Welcome to the Neuroscience for Kids Newsletter.
In this issue:
Neuroscience for Kids had several new additions in January including:
A. January Neuroscience for Kids Newsletter was archived
B. Neuroscience in the News
The Neuroscience for Kids "Site of the Month" for February is "Biomedical Picture of the Day" at:
Biomedical Picture of the Day (BPoD) is managed by the MRC London Institute of Medical Sciences. Each day, a new image, provided by researchers from around the world, is added to the site where it is displayed and discussed.
A fun game that I made up to play on the BPoD site is what I call Guess the Image. To play, click on the Search the Archive button. This will send you to a page containing images for different months. Now try to guess what each image shows. If you dont know, move your cursor over an image and read the title of the image for a hint. If you still dont know what the image is, click on the title of the image for a full description. You can also play the guessing game with a neuroscience twist: decide if an image shows something related to the nervous system.
I hope you will agree that these images are fascinating not only from a scientific point of view, but they are also beautiful works of art.
The 2017 Neuroscience for Kids Drawing Contest is now closed and judging has begun. Winners will be contacted by email and sent their prizes. Some of the winning drawings will be published in this newsletter next month.__________________________________________________________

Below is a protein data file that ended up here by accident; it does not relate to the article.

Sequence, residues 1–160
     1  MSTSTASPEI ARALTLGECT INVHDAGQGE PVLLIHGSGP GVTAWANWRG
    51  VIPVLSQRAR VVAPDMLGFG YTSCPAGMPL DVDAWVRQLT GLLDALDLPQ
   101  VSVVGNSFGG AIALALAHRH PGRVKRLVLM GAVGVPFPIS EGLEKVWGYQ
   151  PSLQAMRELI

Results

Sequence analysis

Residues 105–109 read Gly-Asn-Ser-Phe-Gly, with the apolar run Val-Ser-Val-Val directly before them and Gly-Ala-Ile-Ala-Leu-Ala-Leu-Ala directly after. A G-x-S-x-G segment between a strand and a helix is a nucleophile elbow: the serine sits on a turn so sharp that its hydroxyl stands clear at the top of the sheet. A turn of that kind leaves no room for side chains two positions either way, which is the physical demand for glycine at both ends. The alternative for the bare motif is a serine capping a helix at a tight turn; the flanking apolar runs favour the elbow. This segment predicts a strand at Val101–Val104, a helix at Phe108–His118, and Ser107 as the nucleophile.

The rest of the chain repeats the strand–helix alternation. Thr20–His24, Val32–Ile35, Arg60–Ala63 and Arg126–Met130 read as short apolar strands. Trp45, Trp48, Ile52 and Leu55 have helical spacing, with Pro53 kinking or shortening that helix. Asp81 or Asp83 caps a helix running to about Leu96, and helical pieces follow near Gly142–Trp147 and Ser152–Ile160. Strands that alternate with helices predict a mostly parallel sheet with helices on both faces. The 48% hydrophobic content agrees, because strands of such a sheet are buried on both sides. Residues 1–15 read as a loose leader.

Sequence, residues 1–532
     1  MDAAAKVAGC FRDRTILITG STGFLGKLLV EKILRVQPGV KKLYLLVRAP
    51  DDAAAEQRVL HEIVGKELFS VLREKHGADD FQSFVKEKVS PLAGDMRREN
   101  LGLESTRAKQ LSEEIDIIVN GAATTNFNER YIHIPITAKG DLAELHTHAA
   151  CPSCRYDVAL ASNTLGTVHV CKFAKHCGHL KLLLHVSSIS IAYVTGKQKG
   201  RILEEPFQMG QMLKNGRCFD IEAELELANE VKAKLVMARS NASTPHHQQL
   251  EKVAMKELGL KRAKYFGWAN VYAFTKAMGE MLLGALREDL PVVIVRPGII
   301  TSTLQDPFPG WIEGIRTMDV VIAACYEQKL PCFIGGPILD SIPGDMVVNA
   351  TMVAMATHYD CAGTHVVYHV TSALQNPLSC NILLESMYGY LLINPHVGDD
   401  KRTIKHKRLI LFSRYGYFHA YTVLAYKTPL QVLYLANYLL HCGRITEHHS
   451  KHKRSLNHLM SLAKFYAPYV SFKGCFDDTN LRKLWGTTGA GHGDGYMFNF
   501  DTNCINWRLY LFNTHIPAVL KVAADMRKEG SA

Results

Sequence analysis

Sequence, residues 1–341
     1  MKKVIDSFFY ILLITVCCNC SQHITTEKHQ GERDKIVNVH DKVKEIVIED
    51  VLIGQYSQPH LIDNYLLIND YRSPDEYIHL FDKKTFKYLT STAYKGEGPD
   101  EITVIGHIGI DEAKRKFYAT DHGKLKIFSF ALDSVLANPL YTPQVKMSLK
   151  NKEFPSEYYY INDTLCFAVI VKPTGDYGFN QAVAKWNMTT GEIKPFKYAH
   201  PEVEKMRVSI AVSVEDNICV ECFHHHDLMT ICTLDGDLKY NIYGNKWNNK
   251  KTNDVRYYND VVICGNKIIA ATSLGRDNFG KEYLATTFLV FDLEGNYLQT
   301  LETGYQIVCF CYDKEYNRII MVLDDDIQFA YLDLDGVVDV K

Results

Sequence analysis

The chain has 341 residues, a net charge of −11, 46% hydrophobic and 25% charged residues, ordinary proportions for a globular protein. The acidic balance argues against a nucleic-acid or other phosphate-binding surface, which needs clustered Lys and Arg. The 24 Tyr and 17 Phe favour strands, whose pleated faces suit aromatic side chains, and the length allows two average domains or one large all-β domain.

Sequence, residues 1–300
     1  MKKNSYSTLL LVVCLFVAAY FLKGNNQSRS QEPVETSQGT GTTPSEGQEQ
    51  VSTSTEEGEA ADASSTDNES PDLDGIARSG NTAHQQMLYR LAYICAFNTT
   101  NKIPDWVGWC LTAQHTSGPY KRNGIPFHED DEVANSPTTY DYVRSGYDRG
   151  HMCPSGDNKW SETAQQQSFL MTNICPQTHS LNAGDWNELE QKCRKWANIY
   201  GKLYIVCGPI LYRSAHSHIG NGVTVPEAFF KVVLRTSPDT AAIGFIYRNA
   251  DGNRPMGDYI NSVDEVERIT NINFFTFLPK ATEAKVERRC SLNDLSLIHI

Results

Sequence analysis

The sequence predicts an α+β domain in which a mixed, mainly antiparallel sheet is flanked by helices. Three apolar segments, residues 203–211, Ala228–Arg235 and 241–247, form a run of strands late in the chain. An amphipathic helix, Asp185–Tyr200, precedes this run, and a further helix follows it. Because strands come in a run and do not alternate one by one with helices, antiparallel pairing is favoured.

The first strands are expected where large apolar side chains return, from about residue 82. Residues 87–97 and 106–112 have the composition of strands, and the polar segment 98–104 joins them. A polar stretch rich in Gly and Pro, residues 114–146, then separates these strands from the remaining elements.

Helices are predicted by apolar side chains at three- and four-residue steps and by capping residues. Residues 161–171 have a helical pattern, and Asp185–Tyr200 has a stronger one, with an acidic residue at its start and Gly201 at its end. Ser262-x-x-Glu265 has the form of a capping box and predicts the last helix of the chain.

About two years ago I visited my doctor for a regular checkup. Nothing was bothering me, but I hadnt seen a doctor for many years. As part of the exam, the doctor took my blood pressure. Although my resting heart rate was great (about 55 beats/minute), my blood pressure was a little on the high side. The doctor was not too concerned but suggested that I work to lower my blood pressure a bit.
The doctor asked me how much I exercised. I explained that I walked about a mile every day and that I played basketball twice a week. The doctor suggested that I get more exercise and that I buy a blood pressure monitor to track my blood pressure.
Later that day, I ordered a blood pressure monitor and went to the sporting goods store to buy my first pair of running shoes. I started my running routine slowly. The first two weeks, I ran less than half a mile. Gradually, I increased my distance and changed my routes to keep things interesting. I tried wearing headphones to listen to music, but they kept falling off, so I stopped using them. In a couple of months, I was up to running 3 miles a day, four or five times each week. And thats where I am today: 3 miles a day.
In addition to running, I am still walking at least a mile every day. I installed a pedometer app on my phone that counts my steps, and tabulates the distance I walk. In December 2016, I took 107,485 steps that covered 45.80 miles; in January 2017, I took 103,514 steps that covered 44.11 miles. Using the pedometer is a fun way to track my walking and motivates me to get outside so I can increase my numbers.